all the permissions and adds the templates to the various config files
and restarts the various daemons).  Then I don't really see the permission
problem being an issue.  Only root and httplog can write in those

Again I'll say that if folks want complete "security" from other folks
then they need to buy another machine.  It's all about cost -- and you
should make it clear to your customers that if they really need the
privacy then they'll have to pay for it.  I wouldn't pretend otherwise.

Oh yeah, and running the logger as the target user means the target
user can futz with their logs.  In my experience websites don't want
the target user to be able to futz with their logs, which is why I'm
going to extremes to make sure there's a protected set of logs which
the target users have read-only access to.

> >     apsuper (run as root)
> <big snippage...>
> 	This is all good...except we still have two superuser programs --

Remember there are two distinct things that require superuser privs:

    opening port 80

    spawning CGIs as a specific user

Combining the two is asking for trouble... they're distinct.  It's trivial
to do the first, I wouldn't want to complicate it with the second -- and
the second is non-trivial.

The second requires the process doing it to have full root privileges,
which is why we can't do it within httpd children.  We don't want
httpd children to have full root privileges... because they're the most
complicated part of this entire picture.

One way of dealing with the performance issue is to make suexec a
service which httpd talks to via a unix domain socket.[1] You write
a suexec-server which opens a unix domain socket in stream mode, and
listens.  Then when it's time to do a suexec thing, open that socket,
write a brief preamble which tells suexec-server what to do, and what
environment to pass, and then proceed as you normally would with a
regular CGI request.  The suexec-server will fork/setuid and exec the CGI.
(Yup, this is like fastcgi.)

This doesn't introduce any extra byte copies ... since the CGI is
eventually talking directly with the httpd via the stream socket, rather
than the pipe() it'd normally use.

The end result is that you replace one exec and a handful of other calls
with a socket open and a context switch.  It's probably faster though, and
should be as secure as suexec is currently.

[1] To portably place access restrictions on a unix domain socket you
have to hide it in a subdirectory which is mode 700 or 770.  This is
because traditional BSD and SysV networking code ignores the privs on
a unix domain socket inode.

So the picture now becomes:

    apsuper (root)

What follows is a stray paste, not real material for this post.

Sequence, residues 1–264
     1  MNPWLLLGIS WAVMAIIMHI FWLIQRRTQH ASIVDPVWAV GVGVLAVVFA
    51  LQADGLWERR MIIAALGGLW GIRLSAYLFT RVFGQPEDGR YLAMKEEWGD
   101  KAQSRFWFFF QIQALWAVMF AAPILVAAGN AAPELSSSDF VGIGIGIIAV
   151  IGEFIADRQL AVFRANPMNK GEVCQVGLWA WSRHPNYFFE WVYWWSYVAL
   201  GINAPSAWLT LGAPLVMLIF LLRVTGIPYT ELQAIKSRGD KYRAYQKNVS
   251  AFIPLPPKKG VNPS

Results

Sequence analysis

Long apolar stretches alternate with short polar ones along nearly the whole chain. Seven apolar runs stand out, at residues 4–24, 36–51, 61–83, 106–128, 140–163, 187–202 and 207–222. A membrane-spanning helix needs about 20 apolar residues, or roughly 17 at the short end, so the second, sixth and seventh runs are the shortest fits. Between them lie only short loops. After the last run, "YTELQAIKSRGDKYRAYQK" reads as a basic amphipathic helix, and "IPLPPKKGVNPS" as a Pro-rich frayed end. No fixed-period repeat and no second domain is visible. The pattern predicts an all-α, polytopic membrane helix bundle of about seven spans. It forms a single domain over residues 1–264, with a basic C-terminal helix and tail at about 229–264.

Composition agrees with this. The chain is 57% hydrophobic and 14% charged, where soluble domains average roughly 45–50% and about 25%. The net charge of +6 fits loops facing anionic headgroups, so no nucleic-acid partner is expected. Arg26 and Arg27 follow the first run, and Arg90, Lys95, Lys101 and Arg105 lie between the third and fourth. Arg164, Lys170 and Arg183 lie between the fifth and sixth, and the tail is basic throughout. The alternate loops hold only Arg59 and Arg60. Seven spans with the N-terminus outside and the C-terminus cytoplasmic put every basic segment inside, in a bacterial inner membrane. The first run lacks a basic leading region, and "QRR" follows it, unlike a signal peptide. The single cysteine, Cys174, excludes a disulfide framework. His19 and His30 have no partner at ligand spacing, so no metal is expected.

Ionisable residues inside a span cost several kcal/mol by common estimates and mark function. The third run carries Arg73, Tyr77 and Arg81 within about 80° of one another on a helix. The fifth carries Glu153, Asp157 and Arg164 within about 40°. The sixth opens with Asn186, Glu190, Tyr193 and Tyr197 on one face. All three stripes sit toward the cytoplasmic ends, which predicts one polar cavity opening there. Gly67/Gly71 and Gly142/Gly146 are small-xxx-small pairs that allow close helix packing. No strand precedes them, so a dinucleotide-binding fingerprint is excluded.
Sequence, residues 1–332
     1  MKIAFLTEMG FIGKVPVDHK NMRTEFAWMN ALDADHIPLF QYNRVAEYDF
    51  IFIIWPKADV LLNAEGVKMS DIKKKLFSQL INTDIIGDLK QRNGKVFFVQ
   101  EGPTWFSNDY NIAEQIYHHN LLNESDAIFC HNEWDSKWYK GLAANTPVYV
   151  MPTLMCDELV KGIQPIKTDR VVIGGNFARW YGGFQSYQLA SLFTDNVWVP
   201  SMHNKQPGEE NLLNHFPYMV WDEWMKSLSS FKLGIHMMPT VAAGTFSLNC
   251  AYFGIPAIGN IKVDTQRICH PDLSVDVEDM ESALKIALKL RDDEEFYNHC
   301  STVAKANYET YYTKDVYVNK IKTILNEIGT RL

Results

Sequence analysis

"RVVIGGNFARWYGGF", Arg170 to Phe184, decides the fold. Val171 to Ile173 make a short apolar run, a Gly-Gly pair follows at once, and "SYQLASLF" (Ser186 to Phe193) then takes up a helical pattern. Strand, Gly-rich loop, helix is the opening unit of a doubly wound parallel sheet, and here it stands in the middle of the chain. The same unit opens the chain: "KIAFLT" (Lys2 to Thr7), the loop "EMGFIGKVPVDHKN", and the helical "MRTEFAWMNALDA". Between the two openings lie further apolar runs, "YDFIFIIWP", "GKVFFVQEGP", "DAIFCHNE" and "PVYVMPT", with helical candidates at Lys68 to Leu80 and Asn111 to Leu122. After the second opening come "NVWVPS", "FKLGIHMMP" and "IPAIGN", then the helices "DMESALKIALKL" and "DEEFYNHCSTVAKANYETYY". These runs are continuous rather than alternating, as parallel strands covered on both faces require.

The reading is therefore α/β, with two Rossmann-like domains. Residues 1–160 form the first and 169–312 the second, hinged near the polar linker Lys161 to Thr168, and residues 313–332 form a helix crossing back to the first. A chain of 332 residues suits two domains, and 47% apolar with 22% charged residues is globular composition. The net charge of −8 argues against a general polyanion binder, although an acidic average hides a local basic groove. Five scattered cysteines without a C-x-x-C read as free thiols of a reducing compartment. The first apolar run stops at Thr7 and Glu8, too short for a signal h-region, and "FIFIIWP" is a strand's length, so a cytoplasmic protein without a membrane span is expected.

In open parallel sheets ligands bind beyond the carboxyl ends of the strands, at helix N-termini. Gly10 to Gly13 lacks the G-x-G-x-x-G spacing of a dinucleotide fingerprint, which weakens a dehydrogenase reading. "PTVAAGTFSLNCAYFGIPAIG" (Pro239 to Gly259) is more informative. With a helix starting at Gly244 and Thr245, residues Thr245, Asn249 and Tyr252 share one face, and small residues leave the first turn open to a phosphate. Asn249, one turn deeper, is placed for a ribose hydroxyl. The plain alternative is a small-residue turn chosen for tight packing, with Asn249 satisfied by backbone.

+-- aplogger (httplog)    # handling request log
      +-- aplogger (httplog)    # handling error log
      +-- apsuexecd (root)	# handling suexec requests
      +-- aphttpd (httpd)       # monitoring aphttpd children
            +-- aphttpd         # serving requests
            +-- aphttpd         # serving requests
            +-- aphttpd         # serving requests
            +-- aphttpd         # serving requests

> 	I once started looking at Qmail, but between work, apache, and
> Real Life, I couldn't find the time and energy to devote to it.  I know
> that at one point it involved like five or more UIDs, a seemingly complex
> process path, and a rabid debate over whether or not it was good.  I've
> since decided not to think one way or the other about the product until I
> can devote time to it...

It's good in my opinion.  There are 7 uids each handling a specific task,
some of which are in groups that don't own any files so that they have
the minimum privileges possible.  There are multiple executables, with
the privileged ones being very small/easy to verify.  All the privileged
interfaces are well defined.  qmail's model won't exactly work for a
webserver though because it is a forking model not unlike the first
webservers... which is way too slow.  But that's fine for email which
is typically done at rates less than 10 messages per second, rather than
the 100 requests per second that some of us see.

There is one more solution for a single machine with privacy between
users, and to cut down on the cost of suexec and so on.  And that is
to bind an httpd to each ip address individually and run a non-suexec
server on it as the specific userid.  I believe uunet does this, but
they probably don't try to put a thousand customers on a box using
this technique.  It's probably good for 50 or 60 customers.